Inside and Outside Academia: Using my PhD in my Non-Academic Career
Amy Manktelow reflects on her experience working outside academia as a PhD student, and the transferable skills and opportunities she gained.
As a self-funded part-time PhD student, working part-time alongside my research has always been normal. At one point, I had three part-time roles, two of which did not relate to my academic life, all of them pulling me in different directions and mainly away from my research. As the years went on it seemed I had the inability to say no and kept saying yes to different opportunities that arose. Looking back over the past seven years, there have been many challenges to balancing all areas of my working life (and personal life!).
However, would I have changed it? No. All my different experiences have shaped me not only as a person but also as a researcher. My journey has enabled me to be efficient and utilise opportunities to further my career in a direction that I would not have imagined when I first started my PhD.
In 2013, I decided to become a Student Ambassador at Nottingham Trent University working with the Schools, Colleges and Community Outreach team. As I became involved with different areas of the department, from delivering taster sessions to Key Stage 3 pupils to working with a local refugee charity supporting unaccompanied minors with English classes, I was approached to undertake and write up a piece of research assessing the impact of work placements and extracurricular activities on widening participation students at NTU. This was a world beyond my subject area, which stretched and developed my skills.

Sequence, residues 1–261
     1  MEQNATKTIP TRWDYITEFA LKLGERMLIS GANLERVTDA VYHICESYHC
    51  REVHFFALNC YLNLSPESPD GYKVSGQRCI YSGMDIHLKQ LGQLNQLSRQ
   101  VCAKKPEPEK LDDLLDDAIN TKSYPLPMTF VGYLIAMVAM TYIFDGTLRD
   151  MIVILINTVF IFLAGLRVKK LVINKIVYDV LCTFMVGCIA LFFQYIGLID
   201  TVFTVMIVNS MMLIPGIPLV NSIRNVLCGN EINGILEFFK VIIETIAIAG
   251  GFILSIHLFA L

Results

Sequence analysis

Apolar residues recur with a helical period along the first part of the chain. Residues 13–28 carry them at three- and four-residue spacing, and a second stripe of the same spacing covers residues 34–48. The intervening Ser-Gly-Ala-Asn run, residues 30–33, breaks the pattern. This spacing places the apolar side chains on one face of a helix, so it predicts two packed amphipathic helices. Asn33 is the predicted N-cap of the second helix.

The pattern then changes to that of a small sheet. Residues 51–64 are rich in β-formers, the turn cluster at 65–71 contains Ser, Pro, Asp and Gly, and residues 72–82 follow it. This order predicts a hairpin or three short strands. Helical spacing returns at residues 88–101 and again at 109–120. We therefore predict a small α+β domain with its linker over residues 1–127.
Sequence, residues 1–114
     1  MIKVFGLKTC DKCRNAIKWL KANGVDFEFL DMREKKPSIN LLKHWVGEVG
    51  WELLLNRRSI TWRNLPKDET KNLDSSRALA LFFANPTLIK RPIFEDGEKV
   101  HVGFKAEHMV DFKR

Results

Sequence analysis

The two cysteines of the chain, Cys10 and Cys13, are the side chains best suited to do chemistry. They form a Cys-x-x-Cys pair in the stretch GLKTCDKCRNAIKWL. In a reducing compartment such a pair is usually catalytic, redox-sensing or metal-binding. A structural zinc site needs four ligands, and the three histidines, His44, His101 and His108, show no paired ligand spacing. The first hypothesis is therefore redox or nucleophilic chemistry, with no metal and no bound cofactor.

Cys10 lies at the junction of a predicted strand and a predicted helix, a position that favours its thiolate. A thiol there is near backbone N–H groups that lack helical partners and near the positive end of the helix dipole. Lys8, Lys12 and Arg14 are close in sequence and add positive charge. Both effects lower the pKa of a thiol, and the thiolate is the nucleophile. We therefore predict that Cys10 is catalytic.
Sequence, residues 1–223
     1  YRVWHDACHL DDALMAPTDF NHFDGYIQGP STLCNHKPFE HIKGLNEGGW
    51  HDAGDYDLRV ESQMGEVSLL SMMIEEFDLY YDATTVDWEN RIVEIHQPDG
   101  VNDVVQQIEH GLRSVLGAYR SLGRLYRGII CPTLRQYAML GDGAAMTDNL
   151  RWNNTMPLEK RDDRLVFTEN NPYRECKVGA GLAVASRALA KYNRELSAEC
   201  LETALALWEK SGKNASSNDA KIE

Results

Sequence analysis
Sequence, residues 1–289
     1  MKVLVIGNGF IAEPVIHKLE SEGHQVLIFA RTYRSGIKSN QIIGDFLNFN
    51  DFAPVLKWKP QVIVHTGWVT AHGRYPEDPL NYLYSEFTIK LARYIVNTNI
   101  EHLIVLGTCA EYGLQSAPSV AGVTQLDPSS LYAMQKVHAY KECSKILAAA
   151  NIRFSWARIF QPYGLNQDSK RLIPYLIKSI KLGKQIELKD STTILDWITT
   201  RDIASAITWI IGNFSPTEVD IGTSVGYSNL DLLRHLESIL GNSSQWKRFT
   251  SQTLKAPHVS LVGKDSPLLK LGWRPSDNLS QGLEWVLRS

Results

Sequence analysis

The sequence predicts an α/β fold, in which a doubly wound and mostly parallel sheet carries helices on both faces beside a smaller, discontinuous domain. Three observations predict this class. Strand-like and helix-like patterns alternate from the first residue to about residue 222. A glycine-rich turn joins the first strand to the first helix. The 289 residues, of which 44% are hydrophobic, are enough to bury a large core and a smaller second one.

I now work in that department full-time and that piece of research has now turned into a journal article. I have realised that my PhD has afforded me a skills set not just applicable to work within academia, but which has opened career paths where my researching skills can be used to different ends.
However, as I eagerly await my Viva date, I realise that I am at a career crossroads. Do I continue down the road of an academic career or do I try a career in Outreach and/or Higher Education development?
I may not know the answer to this question right now, but I have learnt two key things. Firstly, your PhD can give you skills highly sought after by professions outside of academia. Secondly, the smallest of part-time opportunities can open doors to amazing options for your future. I will continue to teach, research, present at conferences, as it is my passion. However, it is not my main focus right now. I would advise anyone to broaden your expectations of life after PhD submission to a career that may not include full-time academia.
By Amy Manktelow | @amymanktelow